In Real Estate Finance and Development Basics, Nelson makes a comment about different types of development uses that really stuck with me contextually (thinking about the growth locally in Metro Vancouver). In regards to the importance of transit/walkable activities, Nelson states that his, “research indicates that there may be sufficient market demand for transit/walkable urbanism that even if all new residential development provided this option of urbanism to midcentury, the demand would still not be met.” Something to surely think about with Metro Vancouver’s transit referendum around the corner.

While this is not a large part of the book, the topic of transit and walkable communities does appear a few times throughout as ultimately positive – such as boasting in favour of developing transit corridors through areas slotted to be redeveloped for maximum gains.

As one delves further into the book, it becomes more technical, and a little bit more of a glossary of terms that are important to developers (public or private). These sections start to outline the different tax credits, agencies, and financial options that can be utilized for optimal returns and levels of success. Although these focus on the American context, it will still give parties relevant information to start their search here in Canada as well.

In the final chapter, America’s Progress Depends on Redevelopment through Public-Private Partnerships, Nelson wraps everything up nicely and focuses on the fact that “the emerging American landscape will be dominated by infill and redevelopment of vast stretches of underdeveloped commercial corridors and suburban centres, especially those connected by transit.” He continues in this vein, and highlights some key facts that the Urban Land Institute believes will “refine P3 engagements in the future,” the biggest of these factors being that the whole process maintains a higher level of transparency and understanding between all those involved.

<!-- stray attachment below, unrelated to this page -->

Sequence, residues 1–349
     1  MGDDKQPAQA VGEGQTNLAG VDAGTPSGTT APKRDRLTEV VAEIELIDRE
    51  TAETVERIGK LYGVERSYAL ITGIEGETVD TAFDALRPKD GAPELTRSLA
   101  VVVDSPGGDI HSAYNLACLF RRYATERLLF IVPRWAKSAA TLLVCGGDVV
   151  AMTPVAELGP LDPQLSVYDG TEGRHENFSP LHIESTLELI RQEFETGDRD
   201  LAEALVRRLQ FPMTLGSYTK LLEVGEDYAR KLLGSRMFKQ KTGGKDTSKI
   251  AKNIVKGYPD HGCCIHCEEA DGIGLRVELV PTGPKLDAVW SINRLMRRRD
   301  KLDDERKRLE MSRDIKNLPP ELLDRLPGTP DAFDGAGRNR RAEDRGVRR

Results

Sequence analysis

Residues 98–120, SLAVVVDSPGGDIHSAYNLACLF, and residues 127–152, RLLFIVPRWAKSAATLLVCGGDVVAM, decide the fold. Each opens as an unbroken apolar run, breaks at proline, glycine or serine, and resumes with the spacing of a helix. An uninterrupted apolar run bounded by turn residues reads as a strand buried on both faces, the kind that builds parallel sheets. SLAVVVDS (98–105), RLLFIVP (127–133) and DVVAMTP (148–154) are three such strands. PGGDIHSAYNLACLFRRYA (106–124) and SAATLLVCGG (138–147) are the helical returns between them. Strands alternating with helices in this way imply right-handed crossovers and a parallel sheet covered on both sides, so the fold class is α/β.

The main principle of P3’s is really quite basic and simple: collaboration. As this is something we are discovering across industries, we are finally bringing the idea back to our infrastructure and the development of cities. When we work together, we bring different strengths and options to the table. The public aspect of a P3 gives new abilities to the private developer that they may have not been partial too otherwise – such as different means of financing and different tools to survey land. On the other side, private developers can offer insight to the public realm that they have garnered after years of experience.

These are obviously a small sampling of what is gained in a P3 relationship, but suffice it to say that the general pubic can benefit greatly from these joint ventures – from increased infrastructure improvement and better property values, to more transit-oriented projects and increased environmental sensitivity.

Upon finishing Foundations of Real Estate Development Financing: A Guide to Public-Private Partnerships, I definitely felt that I had a much better understanding of the intricacies of development and its financing.  I also feel that if I went through it a second time, looking more closely at the equations, charts, and graphs, I would be able to pull even more from this thickly packed, yet compact and easy-to-read book. It won’t be for everyone, but if you are interested in the world of development in any facet, it is definitely worth a read.

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For more information, visit the Island Press website.

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Jeremy Senko is happily lost in the world of theoretical architecture and design. He is forever a student at heart, consistently reading, experiencing and learning about the world he inhabits. More specifically, he works as an Interior Designer in Vancouver and plays an active part in bettering the environments we live in.